The authors point towards one main paradox of politics in general and sexual politics, in particular–the abyssal gap that exists between legal frames and formal public policies and their effective implementation. In all countries, laws and policies exist to protect sexual rights, which however, remain as words on paper. One example is Ecuador whose Constitution was one of the first few in the economic South to include language on sexual orientation as a non justifiable basis of discrimination. However, access to justice is deeply compromised by inequalities and the Catholic Church and other conservative sectors are gaining terrain in their efforts to oppose sexual and reproductive rights. This calls for the recognition that:
“…The proliferation, in the last quarter of the 20th century, of women and feminist movements, LGBT, HIV/AIDS and sex work activism (among other) has transformed the public sphere across the region. However, to more fully understand the gains achieved by these movements as well their limits and challenges ahead, it is crucial to analyze the wider context and historical moment in which these movements have consolidated as well as their connections with other relevant political actors.”
Another key challenge identified by their overview paper refers to how to translate the erotic dimension of life or a notion of erotic justice to law and public policies. Sexuality constitutes a wide and complex domain of desires, thoughts, fantasies, values, behaviors, social and personal relations that are hardly translatable to the logic of state regulation and management. In this process of translation new but also narrow normative views may be crystallized or else this vast and heterogeneous domain of human experience may by dangerously reduced and simplified.
:: COMMENTS ::
In her comments, Gloria Careaga emphasized aspects related to the trajectory of the feminist and lesbian movements that, in her view, should have higher visibility in the overview analysis. She reminded us that sexuality was an important theme in the 1970s feminist agenda, to later lose density. She said that it is usually thought that the struggle for sexual health, reproductive rights and abortion, is enough to take care of sexuality issues. However, the fact is that today the discussions about sexual rights within the feminist field are scarce, weak and, in recent years, feminism has to a large extent inflected attention towards macro issues while restricting, to a large extent, the debates on intimacy or private life to the struggles for legal abortion.
This inevitably reflects on sexual politics at large, as today just in three countries of the region, organic connections have been established between feminist politics, LGBT struggles for rights and sex work activism. Also, although in recent years lesbian groups and initiatives have multiplied–and the LGBT acronym now stats with L – in the majority of countries lesbian visibility is confined to individual leadership and lack a better organized and moral vocal social basis.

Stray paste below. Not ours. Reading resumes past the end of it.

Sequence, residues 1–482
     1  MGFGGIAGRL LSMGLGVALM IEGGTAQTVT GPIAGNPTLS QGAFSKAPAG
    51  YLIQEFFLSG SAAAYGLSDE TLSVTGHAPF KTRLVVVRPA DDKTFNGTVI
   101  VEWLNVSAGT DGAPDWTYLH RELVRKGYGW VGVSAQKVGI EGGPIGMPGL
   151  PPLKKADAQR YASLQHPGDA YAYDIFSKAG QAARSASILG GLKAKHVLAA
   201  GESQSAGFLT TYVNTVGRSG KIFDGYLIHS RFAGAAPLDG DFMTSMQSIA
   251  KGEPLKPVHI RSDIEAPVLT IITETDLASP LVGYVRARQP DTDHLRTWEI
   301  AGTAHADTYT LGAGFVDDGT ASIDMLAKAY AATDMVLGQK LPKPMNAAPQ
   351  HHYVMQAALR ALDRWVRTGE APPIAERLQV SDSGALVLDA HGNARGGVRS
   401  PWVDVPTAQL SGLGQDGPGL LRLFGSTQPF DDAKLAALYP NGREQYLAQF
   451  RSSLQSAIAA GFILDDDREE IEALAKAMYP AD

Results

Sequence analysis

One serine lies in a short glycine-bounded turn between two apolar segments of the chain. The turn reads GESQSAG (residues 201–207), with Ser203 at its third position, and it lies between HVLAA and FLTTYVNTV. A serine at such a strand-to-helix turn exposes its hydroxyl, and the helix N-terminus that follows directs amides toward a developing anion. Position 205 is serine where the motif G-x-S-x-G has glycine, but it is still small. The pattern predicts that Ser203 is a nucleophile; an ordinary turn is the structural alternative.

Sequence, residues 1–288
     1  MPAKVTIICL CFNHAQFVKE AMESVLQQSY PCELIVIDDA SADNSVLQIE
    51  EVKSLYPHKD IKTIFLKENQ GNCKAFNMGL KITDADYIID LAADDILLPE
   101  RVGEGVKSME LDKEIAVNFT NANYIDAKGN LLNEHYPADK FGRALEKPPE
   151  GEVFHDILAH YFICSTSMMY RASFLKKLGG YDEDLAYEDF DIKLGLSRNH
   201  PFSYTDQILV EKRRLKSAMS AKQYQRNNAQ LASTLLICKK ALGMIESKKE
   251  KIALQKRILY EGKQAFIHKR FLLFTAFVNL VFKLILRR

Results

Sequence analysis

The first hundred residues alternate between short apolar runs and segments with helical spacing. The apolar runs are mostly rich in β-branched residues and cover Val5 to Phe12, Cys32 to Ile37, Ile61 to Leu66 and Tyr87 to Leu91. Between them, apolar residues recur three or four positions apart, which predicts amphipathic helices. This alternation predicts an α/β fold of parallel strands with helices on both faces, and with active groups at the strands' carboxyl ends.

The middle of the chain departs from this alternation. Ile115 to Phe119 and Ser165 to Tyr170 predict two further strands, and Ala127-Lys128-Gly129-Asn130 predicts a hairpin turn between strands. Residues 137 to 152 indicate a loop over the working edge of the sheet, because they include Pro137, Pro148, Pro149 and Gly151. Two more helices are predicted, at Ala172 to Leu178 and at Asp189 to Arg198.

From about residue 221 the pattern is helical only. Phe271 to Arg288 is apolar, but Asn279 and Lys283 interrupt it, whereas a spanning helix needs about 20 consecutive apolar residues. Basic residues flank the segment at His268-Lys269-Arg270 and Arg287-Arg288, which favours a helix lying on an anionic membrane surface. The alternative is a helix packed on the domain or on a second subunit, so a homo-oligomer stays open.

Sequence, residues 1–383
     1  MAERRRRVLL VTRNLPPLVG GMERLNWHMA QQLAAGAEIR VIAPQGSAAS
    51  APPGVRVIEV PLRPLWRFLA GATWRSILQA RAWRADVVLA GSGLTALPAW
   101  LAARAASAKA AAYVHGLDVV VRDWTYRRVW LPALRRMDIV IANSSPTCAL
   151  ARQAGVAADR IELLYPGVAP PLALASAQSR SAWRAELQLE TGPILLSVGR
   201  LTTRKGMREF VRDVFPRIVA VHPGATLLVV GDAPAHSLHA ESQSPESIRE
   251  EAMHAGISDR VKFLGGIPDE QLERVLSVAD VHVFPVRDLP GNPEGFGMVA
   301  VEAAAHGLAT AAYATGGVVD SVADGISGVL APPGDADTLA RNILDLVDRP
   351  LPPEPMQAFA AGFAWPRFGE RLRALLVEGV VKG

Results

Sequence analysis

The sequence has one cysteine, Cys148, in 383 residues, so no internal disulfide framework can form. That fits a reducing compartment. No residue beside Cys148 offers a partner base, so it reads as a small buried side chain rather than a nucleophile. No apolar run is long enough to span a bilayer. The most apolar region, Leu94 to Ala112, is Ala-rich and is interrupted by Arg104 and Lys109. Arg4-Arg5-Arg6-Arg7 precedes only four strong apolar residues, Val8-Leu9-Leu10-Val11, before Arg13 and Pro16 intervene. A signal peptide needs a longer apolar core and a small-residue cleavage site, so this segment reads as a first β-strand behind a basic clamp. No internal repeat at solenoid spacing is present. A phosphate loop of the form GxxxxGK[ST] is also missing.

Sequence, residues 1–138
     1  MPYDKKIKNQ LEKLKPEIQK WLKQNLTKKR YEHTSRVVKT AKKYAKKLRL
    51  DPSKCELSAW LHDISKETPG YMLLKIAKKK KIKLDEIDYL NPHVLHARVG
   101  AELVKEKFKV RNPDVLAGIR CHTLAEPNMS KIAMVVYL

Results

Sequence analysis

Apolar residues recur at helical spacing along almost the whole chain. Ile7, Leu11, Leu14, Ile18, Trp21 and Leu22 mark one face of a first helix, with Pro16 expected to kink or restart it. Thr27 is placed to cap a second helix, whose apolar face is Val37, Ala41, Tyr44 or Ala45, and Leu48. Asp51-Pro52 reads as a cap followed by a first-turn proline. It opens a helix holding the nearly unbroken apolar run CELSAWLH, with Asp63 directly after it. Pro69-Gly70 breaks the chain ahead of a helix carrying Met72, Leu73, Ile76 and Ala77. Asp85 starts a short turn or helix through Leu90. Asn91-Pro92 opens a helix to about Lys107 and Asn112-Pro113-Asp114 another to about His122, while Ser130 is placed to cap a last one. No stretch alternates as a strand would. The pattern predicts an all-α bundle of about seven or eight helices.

Careaga also called attention to the urgent challenge to incorporate an intersectional perspective going beyond sexual politics and it’s boundaries. She explains how both the feminist and LGBT movements “suffer from a middle class bias” that hampers its connections with other social groups, which would be key for the sustainability of democracy in the region. In addition, she underlined how deeply politics has become a complex and contradictory maze in Latin America today.
“The left – right binary frame does not give us enough elements to analyze what is happening around us. A “revolutionary” government in Nicaragua abolished abortion and persecutes feminists, and hides date on hate crimes against trans people, while at the same time decriminalized same sex relations. In contrast, Colombia, currently governed by a conservative party, has made progressive decisions at the juridical level, that recognize and protect same sex unions and a number of public policies to promote LGBT rights are underway.”
Careaga agreed with the analysis developed by de Pecheny and La Dehesa about an abyssal gap between law and public policies, on the one hand, and the realities of sexualities, on the other. But she also suggested that “dead words” are not the privilege of legal and public policy documents, but can also be identified in the discourses deployed by sexual politics movements about their policy achievements. Because, in her view, even when we do gain something in legal or policy terms much yet remains to be done for these gains to effectively transform daily life conditions of those who experience discrimination, violence and absence of rights.
Examining the sexual diversity movement more closely, Careaga recalled that its struggles have concentrated on criminalization, HIV/AIDS and human rights and same sex civil union/marriage. Although gains have been made in these areas that are to be praised, this approach has not yet provided for the construction of a more broad and clear sexual citizenship agenda, which would help diminish stigma and discrimination. Agreeing with the authors, she thinks that the political victories of the last few decades have been effective to fight against violence and discrimination. However, she believes these victories have not expanded the debate in regard to the right to privacy and freedom of expression or pleasure.